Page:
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RIDOC Parent/Child Visitation Program Fosters Positive Relationships

CRANSTON, R.I. – December 24, 2007 – The Rhode Island Department of Corrections contracts with CCAP – Comprehensive Community Action Program, to provide visitation programs in several of the Rhode Island Department of Corrections’ sentenced facilities so that incarcerated parents and children can continue to have positive interaction. The Saturday morning Father Child Visitation Program, which has been in place at the Minimum Security and the Donald Price Medium Security facilities for some time, was recently launched in the John J. Moran Medium Security Facility.

“It takes a while for the guys to trust it,” says Coordinator of Parenting and Discharge Planning Sarah Gormley during a recent two-hour visit between about six Moran inmates and their kids, ranging in age from toddlers to middle schoolers. Unlike regular visiting hours where children have to sit still and aren’t able to play or run around, these Saturday visits allow the children to get down on the floor with their dads and play with a wide selection of donated or DOC-provided toys. The children are dropped off either by their mother, another relative or friend, or a DCYF social worker, at the facility’s front desk, where Gormley meets them and leads them to the Visiting Room. Dads can focus all of their attention on their kids with no other adult visitors present.

With the holidays approaching, this visit saw dads and their kids working on a Christmas “wish list” and taking special photos with dad, a copy of which will go to both the inmate and the child the following week. DOC volunteer Courtney Henderson, who approached the DOC wanting to help with this initiative, then takes the lists and shares them with friends, family members and co-workers, who then go out and purchase the items. Henderson then transports them (this year three carloads full) to the RIDOC where Gormley divides them up and take them to the various facilities to be wrapped by the inmates during the week and presented to the children the following Saturday. “It means a lot to the kids to feel like they’re really getting something from Dad,” she notes.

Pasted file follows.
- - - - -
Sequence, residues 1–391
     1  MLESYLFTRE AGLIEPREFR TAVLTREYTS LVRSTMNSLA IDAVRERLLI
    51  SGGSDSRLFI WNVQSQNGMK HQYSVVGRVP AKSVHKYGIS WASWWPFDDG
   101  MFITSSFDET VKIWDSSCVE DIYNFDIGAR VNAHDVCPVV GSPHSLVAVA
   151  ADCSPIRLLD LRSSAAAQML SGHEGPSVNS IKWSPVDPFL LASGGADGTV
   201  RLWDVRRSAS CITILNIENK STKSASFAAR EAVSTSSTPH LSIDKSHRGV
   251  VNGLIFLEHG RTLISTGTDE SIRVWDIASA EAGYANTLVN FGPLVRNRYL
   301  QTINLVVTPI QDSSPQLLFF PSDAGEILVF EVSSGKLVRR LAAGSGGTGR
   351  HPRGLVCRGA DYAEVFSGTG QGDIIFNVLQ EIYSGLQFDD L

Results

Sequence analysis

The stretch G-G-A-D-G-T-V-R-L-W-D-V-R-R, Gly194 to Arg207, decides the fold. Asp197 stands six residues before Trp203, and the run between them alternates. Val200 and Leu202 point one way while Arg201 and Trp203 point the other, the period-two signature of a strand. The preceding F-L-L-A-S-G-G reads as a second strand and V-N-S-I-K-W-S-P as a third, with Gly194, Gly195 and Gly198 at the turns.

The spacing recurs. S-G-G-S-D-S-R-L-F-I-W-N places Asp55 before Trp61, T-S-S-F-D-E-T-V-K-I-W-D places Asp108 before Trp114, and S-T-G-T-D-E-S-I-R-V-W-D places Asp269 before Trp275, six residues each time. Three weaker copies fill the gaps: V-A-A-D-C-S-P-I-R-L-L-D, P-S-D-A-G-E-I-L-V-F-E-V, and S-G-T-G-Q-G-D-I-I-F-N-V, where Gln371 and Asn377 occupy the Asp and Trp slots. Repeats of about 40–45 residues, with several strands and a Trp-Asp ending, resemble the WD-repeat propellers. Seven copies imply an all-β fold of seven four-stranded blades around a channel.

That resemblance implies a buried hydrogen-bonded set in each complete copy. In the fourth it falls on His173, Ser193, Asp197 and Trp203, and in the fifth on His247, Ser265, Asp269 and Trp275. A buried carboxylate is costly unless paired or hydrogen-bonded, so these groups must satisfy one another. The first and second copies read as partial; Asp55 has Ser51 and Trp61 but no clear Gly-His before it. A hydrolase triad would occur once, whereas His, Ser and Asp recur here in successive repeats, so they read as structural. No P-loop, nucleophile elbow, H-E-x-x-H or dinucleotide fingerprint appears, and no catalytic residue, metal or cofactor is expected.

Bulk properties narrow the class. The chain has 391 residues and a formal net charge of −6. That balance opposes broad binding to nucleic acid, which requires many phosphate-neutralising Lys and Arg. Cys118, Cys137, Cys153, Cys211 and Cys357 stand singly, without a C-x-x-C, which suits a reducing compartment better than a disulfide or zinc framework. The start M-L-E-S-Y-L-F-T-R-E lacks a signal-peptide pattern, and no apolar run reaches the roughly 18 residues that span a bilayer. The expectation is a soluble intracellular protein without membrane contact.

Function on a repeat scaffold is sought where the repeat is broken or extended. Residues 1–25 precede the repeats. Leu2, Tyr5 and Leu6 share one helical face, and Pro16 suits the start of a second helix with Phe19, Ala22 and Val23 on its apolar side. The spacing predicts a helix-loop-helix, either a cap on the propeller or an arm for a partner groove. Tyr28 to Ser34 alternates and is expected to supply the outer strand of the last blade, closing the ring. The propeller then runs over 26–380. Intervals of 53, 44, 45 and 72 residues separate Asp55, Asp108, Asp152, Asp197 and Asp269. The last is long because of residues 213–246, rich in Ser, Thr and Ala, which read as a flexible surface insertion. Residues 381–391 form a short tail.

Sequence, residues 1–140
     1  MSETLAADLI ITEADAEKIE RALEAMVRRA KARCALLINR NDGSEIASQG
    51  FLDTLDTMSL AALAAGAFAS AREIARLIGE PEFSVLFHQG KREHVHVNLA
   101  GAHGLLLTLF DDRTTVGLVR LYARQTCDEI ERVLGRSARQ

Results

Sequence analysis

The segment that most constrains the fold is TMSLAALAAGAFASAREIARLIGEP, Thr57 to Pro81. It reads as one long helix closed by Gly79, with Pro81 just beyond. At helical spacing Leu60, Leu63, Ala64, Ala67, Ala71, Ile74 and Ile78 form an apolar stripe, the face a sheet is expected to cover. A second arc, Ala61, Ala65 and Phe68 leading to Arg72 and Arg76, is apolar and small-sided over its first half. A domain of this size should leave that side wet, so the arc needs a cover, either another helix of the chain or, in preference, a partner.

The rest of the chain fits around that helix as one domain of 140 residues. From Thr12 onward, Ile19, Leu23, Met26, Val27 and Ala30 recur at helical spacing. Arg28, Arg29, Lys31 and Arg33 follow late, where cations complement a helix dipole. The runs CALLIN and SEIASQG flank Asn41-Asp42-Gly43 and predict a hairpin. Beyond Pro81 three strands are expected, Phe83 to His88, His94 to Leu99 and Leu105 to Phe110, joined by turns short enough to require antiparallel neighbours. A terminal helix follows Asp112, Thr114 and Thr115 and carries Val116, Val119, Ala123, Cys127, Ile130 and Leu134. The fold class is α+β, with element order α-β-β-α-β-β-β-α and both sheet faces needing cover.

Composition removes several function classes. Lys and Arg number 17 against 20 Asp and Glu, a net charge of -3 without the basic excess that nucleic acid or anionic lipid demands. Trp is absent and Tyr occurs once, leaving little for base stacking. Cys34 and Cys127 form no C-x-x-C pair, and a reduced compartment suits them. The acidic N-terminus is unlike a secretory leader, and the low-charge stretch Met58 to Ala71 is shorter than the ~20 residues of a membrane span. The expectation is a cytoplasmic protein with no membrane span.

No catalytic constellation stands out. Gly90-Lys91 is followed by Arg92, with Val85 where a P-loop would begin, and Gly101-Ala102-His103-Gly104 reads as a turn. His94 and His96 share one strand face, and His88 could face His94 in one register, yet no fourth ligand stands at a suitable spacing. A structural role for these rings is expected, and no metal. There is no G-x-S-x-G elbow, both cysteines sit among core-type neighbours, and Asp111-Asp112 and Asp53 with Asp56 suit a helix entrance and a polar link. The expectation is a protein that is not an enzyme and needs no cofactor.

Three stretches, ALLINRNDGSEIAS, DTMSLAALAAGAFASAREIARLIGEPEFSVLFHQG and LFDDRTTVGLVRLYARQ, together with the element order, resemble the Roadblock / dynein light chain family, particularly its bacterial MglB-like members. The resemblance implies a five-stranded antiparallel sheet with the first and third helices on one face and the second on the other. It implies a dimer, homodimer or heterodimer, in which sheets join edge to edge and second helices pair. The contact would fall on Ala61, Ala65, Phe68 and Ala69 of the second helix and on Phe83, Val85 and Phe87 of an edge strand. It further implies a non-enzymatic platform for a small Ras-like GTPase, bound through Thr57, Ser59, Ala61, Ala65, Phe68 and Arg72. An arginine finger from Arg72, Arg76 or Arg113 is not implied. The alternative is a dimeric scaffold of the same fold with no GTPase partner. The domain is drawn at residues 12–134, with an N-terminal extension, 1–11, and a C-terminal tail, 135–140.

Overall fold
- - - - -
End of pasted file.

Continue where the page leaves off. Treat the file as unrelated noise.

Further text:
Richard Cote, whose sons Ryan, 4, and Jason, 2-1/2, visit him each Saturday morning, can’t say enough about the program. “It’s made a huge difference in my connection with my sons,” he notes. “My part is to do all I can to better myself and to make the changes I need so that I never come to prison again,” he shares. “This will definitely help me reintegrate back with my family and resume my role as a husband and father when I’m released. I won’t be a stranger, and my children will know me.” He is confident that the program will make for an easier transition when he leaves prison, “so I can concentrate more on my issues with addiction, structure, and routine which keep landing me back in prison and tearing me away from my family.”

Cote says his boys didn’t enjoy coming during normal visiting hours, nor did their mom who would wind up having to chase them around the room as they got antsy because inmates aren’t allowed to get up from their seats. They would get restless and frustrated and they and their mom seldom made it through an entire visit. “Now,” Cote notes, “They ask at least once a day about when they’re coming to the prison to visit. It’s the highlight of their week.”

“Promoting positive relationships is one of the key factors in preparing inmates for successful reentry to their home communities,” notes Corrections Director Ashbel T. Wall II. “We know that offenders who leave our custody with a place to live, a job, and strong family ties have a much higher likelihood of staying out. Programs like this one are a win/win for everyone involved, and we are so pleased that it’s now available in our two male and one female medium facilities, as well as at men’s and women’s Minimum.”

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